Wholesale Trade in general has seen a decline in jobs over the last five years, dropping 719 jobs for a fall of 9.0% from the third quarter of 2016 to the third quarter of 2021. The only point in time that this industry sector saw an increase was from the third quarter of 2017 to the third quarter of 2018 when it increased by 354 jobs or 4.5%, peaking at 8,151 jobs in 2018. Since then the drop in jobs has been consistent in the years to follow, falling by 908 jobs or 11.1% from the 2018 peak to the third quarter 2021 (see Figure 7).
Retail Trade was experiencing consistent job losses over the past five years, even before the pandemic hit. This industry sector saw 20,783 jobs in the Southwest region in the third quarter of 2016 and that had dropped to 19,006 jobs in the third quarter of 2019. After the pandemic hit in 2020, there was a more rapid loss of 667 jobs (3.5%). However, in the following year the Retail Trade sector saw an increase in jobs to the tune of 457 additional jobs for a bump of 2.5%. Overall, over the last five years Retail Trade has lost almost 2,000 jobs for a drop of 9.6% (see Figure 8). This was the largest numeric drop among all 20 industry sectors over the last five years.
Transportation and Warehousing started the last five-year period with a job decline, dropping almost 100 jobs from the third quarter of 2016 to the third quarter of 2017. However, the region picked up jobs the following two years with an increase of 548 jobs or 8.4%. After the pandemic hit, job declines ensued with a fall of 257 Transportation and Warehousing jobs or 3.6%. The next year followed with additional job loss, although to a smaller degree, down just 68 jobs. Over the last five years this industry was one of two industry sectors that gained jobs, adding 126 jobs, the largest numeric increase, for an increase of 1.9% (see Figure 9).
Information has been plagued with job loss over the last five years according to third quarter job counts from 2016 to 2021. As the years have passed, this industry sector lost anywhere between 55 (2016-2017) and 375 (2019-2020) jobs each year. Over the last half decade the Information industry sector in Southwest Minnesota has experienced a decline of 832 jobs for a fall of 29.3% (see Figure 10). This was the second highest percentage decline among all 20 industry sectors.
Finance and Insurance was one of the few industry sectors that saw an increase in jobs after the pandemic hit in 2020. Despite seeing overall job loss from the third quarter of 2016 to the third quarter of 2019, a drop of 140 jobs or -2.3%, this sector bounced back the following year with a gain of 283 jobs or +4.8%. This was the largest real and proportional growth seen among the three sectors that saw increases during this year-long time frame. Unfortunately, the next year saw all those jobs gone and then some with a decline of 313 jobs (-5.0%), leaving this sector with fewer jobs than was seen at pre-pandemic levels. Over the last five years this sector has lost 170 jobs or 2.8% (see Figure 11).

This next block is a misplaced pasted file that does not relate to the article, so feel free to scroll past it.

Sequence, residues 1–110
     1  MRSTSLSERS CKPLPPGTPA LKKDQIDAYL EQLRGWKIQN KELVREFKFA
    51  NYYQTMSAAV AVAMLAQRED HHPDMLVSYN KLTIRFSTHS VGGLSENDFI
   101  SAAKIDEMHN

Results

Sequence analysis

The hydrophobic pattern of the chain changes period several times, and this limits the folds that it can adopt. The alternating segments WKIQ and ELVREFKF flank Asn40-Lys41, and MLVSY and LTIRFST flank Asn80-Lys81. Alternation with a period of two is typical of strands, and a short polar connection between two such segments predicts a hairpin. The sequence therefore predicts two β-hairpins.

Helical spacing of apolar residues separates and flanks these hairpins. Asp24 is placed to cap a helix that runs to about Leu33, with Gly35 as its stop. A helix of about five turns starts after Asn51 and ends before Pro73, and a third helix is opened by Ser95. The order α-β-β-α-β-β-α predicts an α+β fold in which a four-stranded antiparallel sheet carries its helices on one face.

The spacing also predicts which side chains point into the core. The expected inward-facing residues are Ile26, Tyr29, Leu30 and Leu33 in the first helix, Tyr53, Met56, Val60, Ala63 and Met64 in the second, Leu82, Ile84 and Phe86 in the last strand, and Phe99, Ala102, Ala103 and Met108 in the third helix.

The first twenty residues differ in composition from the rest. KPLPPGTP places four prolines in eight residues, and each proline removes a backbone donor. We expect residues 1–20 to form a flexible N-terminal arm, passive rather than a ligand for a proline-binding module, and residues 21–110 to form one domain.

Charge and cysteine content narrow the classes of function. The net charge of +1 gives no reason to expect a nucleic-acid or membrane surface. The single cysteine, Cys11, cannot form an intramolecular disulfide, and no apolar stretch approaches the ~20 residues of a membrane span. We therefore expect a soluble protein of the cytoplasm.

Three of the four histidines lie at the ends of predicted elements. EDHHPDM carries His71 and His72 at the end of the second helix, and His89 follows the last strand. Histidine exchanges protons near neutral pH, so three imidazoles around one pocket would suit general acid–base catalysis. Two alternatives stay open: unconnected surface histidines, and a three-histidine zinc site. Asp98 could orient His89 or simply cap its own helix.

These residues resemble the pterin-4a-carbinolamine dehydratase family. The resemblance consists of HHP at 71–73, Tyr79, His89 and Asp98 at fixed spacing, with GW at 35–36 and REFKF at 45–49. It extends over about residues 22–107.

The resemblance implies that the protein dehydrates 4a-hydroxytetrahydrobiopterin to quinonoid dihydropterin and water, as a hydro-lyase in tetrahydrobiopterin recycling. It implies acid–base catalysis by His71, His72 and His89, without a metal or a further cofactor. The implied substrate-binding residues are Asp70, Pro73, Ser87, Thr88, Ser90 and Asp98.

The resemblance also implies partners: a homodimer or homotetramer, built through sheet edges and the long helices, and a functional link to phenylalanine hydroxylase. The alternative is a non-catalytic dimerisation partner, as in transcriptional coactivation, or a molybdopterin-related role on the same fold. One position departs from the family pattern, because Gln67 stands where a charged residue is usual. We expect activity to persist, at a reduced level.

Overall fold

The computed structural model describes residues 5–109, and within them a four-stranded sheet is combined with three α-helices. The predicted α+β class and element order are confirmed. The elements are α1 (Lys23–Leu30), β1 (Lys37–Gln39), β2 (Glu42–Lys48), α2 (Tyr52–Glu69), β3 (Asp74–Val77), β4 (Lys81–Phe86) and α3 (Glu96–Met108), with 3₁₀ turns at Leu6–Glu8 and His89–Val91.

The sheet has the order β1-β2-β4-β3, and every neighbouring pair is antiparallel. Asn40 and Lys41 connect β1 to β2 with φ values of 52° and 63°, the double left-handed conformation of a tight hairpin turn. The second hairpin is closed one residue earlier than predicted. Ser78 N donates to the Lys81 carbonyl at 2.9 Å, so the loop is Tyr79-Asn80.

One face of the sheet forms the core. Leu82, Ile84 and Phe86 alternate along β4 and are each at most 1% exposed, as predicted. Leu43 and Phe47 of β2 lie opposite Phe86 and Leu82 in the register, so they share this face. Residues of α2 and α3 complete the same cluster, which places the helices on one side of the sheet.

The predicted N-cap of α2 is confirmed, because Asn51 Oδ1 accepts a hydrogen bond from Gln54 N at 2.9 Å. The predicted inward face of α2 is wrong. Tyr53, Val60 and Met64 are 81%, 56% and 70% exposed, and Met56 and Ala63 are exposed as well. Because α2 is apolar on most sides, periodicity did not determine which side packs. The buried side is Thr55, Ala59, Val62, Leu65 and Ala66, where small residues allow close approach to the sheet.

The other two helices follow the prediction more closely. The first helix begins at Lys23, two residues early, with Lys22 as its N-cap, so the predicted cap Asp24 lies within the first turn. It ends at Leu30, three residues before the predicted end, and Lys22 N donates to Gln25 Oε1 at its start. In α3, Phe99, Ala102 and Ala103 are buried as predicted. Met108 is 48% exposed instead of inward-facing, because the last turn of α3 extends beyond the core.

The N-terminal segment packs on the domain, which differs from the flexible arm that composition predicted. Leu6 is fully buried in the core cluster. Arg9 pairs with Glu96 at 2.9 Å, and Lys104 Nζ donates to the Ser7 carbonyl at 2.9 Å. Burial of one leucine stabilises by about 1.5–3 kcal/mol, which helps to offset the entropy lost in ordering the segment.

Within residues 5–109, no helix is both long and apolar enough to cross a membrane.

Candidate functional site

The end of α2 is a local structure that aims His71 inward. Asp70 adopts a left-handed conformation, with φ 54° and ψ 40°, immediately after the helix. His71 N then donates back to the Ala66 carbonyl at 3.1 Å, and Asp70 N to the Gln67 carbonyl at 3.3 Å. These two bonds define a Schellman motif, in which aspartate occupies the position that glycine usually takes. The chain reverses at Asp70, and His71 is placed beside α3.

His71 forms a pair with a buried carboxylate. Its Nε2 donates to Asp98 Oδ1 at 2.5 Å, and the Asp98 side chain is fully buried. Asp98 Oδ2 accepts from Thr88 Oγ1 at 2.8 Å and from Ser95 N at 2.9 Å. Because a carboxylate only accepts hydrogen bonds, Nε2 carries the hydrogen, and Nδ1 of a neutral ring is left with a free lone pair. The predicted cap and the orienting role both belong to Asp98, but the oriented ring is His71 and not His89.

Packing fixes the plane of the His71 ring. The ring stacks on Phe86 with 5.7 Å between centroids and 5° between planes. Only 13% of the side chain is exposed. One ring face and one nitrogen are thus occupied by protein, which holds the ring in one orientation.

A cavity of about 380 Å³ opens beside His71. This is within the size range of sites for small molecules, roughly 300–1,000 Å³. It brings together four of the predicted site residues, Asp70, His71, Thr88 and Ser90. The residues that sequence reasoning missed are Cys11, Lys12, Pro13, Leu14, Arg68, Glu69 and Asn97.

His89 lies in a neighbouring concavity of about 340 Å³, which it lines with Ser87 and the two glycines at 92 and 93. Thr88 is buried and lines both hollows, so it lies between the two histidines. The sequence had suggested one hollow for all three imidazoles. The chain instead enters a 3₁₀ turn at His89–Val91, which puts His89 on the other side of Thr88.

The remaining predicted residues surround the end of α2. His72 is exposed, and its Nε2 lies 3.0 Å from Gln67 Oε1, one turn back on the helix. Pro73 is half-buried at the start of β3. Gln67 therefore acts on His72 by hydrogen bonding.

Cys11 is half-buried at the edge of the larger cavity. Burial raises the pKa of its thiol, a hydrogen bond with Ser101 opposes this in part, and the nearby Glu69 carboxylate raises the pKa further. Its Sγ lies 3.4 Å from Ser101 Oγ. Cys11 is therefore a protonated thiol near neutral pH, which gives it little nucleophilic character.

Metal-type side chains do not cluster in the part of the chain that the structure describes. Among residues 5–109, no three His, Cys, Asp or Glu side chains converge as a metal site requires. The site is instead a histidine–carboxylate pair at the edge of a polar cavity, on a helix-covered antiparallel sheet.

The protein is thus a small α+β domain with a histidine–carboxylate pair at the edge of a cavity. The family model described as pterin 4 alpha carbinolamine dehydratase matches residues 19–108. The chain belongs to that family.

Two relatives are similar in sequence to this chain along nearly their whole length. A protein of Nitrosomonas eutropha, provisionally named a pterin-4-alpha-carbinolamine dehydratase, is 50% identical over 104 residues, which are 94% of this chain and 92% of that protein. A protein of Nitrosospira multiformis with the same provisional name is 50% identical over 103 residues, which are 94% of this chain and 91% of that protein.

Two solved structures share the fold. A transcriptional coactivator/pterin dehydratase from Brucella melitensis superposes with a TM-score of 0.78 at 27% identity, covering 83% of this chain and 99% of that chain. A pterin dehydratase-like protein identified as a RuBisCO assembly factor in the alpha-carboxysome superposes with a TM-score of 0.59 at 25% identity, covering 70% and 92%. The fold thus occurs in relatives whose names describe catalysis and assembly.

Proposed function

Real Estate and Rental and Leasing saw a slight increase in jobs from the third quarter of 2016 to the third quarter of 2021, increasing by 32 jobs or 2.5%. This industry saw a hefty increase from the third quarter of 2017 to the third quarter of 2018 with a jump of 181 jobs (14.2%) after losing jobs the previous year. After the pandemic took hold, the industry again lost jobs to the tune of 132 fewer jobs (9%) from the third quarter of 2019 to 2020, and recovery has been slow as the region gained only 8 jobs the following year. Overall, this industry sector has gained 32 jobs over the last five years, making it the second of only two sectors to see job gains. This equaled a 2.5% gain which was the highest proportional gain of the two (see Figure 12).
Professional, Scientific, and Technical Services saw a very mild increase in jobs from the third quarter of 2016 to 2017, after which the industry experienced consistent job declines over the next three years. From the third quarter of 2017 to the third quarter of 2020 this industry sector saw a drop of 561 jobs or 13.7%, with the most significant drop occurring during the pandemic (249 jobs or 6.6% from 2019-2020). Since then, the industry has recovered slightly with an increase of 51 jobs or up 1.4%. This industry shed 508 jobs from 2016 to 2021 for a decline of 12.4% - the third largest proportional decrease among the 20 industry sectors (see Figure 13).
Management of Companies experienced a downslide from the third quarter of 2016 to the third quarter of 2018, dropping by 155 jobs or 10%. The following two years brought about an increase in jobs, but not enough to overcome the loss the three years prior, increasing by 69 jobs or 4.9%, including an actual increase of 53 jobs (3.7%) after the pandemic hit the region. The following year, however, the job decline continued. Overall, this industry sector lost almost 100 jobs (6.3%) over the last five years (see Figure 14).
Administrative Support and Waste Management Services jobs remained pretty stable from the third quarter of 2016 to the third quarter of 2019, fluctuating between 4,131 jobs (2017) and 4,260 jobs (2016) during this time frame. The last two years is where the bulk of the action was with the sector losing 717 jobs (17.0%) after the pandemic hit, the second largest proportional loss among all the industry sectors, then gaining back 359 jobs (10.2%) the following year. Overall, this industry sector lost almost 400 jobs for a decline of 9.3% over the last five years (see Figure 15).